Festival circuit is pleasant route

Cinema: Not every film makes millions after a screening, and for many filmmakers, that's OK.

The Maryland Film Festival

April 26, 2000|By Ann Hornaday | Ann Hornaday,SUN FILM CRITIC

Unknown filmmaker brings first-time film to a festival, signs a million-dollar contract with a studio and is launched on a life of fame and fortune. By now this Sundance mythology is so entrenched in popular consciousness that it's easy to forget that it's not the only scenario.

Indeed, there's an entire population of films enjoying a healthy life on the festival circuit that will probably happily stay there. Their directors entertain no illusions about being picked up by a distributor. They just want their movies to be seen and enjoyed by as many people as possible and perhaps appreciated by a film industry executive who might take their calls in the future.

That's the trajectory Greg Watkins wants for "A Sign From God," a low-budget feature that will be shown at the Maryland Film Festival on Sunday at 3 p.m. Watkins and collaborator Caveh Zahedi (who stars in the film) had made a movie before: "A Little Stiff" had its premiere at the 1991 Sundance Film Festival and went on to play major festivals. But shortly after that, Watkins left Los Angeles and entered a Ph.D. program at Stanford University in religious studies.

A few years ago, Watkins got the itch to make movies again. "Truth be told, I saw `Clerks' and `The Brothers McMullen,' and I kind of got upset," he says. "I thought, `God, I gotta make another movie.' " "A Little Stiff" had been based on things that had happened to Zahedi in his real life, so Watkins took the same route with "A Sign From God," in which Zahedi plays a scattered, struggling filmmaker grappling with commitment and existential angst.

The film had its premiere at Sundance and played Austin's South by Southwest Film Festival in March; after Maryland, it will play festivals in Atlanta, Munich and the Czech Republic. Watkins says his goals for the film have already been realized. "We definitely raised people's awareness of us again and got the interest of a few people who actually have power," he says.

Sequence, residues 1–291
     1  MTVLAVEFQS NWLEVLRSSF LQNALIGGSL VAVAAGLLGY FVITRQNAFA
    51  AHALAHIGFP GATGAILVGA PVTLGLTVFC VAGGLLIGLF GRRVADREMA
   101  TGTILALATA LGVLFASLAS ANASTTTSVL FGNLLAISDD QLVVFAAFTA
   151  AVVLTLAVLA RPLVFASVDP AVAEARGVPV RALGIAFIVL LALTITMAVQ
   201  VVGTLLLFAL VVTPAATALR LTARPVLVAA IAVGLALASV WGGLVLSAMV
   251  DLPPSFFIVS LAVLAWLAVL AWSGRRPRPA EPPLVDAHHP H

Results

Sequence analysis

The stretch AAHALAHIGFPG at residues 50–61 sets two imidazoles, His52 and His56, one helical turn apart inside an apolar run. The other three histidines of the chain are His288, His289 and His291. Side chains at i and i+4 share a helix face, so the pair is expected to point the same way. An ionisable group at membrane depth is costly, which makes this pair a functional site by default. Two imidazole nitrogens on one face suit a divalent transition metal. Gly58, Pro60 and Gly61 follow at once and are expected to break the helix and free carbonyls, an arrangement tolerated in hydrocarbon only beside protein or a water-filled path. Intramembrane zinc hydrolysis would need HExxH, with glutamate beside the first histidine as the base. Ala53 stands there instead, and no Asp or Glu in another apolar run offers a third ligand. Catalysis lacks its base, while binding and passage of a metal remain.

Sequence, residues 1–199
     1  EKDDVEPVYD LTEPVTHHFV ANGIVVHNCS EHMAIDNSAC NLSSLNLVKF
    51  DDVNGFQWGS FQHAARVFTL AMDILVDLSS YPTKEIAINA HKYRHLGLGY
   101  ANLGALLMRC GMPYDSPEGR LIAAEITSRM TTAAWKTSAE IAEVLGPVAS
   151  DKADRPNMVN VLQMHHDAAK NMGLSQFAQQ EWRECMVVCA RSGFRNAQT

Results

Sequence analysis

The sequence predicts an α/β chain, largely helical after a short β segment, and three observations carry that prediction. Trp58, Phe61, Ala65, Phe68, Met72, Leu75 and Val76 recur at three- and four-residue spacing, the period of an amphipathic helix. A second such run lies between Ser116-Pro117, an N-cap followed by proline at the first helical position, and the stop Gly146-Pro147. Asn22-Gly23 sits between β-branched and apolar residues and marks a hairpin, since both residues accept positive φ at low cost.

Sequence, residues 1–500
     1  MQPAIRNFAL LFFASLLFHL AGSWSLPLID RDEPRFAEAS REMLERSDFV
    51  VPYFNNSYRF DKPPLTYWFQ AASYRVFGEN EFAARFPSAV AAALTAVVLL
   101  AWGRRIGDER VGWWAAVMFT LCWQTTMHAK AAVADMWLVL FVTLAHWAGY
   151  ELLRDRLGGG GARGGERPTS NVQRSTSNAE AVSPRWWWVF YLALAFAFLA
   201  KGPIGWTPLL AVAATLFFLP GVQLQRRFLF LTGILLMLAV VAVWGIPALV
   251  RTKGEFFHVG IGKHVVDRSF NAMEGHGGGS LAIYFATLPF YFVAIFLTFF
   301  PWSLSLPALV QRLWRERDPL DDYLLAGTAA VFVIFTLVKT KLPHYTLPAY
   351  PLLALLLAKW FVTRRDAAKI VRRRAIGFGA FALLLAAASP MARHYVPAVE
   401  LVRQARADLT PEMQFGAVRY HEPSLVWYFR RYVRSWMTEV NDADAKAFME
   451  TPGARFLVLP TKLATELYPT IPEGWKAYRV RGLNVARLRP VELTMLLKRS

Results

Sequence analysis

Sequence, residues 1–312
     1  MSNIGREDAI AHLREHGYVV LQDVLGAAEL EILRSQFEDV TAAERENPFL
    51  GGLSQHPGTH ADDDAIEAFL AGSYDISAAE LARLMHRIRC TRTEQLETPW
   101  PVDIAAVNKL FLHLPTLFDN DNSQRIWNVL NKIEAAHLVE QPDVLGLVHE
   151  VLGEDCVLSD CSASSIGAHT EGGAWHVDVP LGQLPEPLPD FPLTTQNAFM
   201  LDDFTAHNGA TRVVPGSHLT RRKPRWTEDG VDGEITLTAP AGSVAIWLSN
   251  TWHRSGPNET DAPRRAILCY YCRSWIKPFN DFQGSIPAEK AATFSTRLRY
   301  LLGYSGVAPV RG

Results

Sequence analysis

"None of those types wanted this movie, but we're back on people's radar, and they're willing to listen if we want to pitch. ... We're developing a script we're hoping to shoot at the end of the summer on digital video. Then I'll pull an old script out of the drawer and work on it some more and send it to these new contacts."

Watkins and musician Jonathan Richman, who composed the score for "A Sign From God," will be at the screening Sunday at the Charles.

Festival schedule

Festival schedule Festival-circuit films to be shown during the three days of the Maryland Film Festival:

"Acting Class," directed by Elizabeth Holder and Jill Hennessy

"Another Planet," directed by Christene Browne

"Bad Money," directed by John Hazlett

"Compensation," directed by Zeinabu Irene Davis

"Double Parked," directed by Stephen Kinsella

"The Initiate," directed by Chad Etchison

"Kill by Inches," directed by Arthur Flam and Diane Doniol-Valcroze

"Makebelieve," directed by Mike Flanagan

"The Night Larry Kramer Kissed Me,"directed by Tim Kirkman

"Omaha (the movie)," directed by Dan Mirvish

"Panic," directed by Henry Bromell

"A Sign from God," directed by Greg Watkins

"Spring Forward," directed by Tom Gilroy

"We Married Margo," directed by J.D. Shapiro

"The Wilgus Stories," directed by Andrew Garrison

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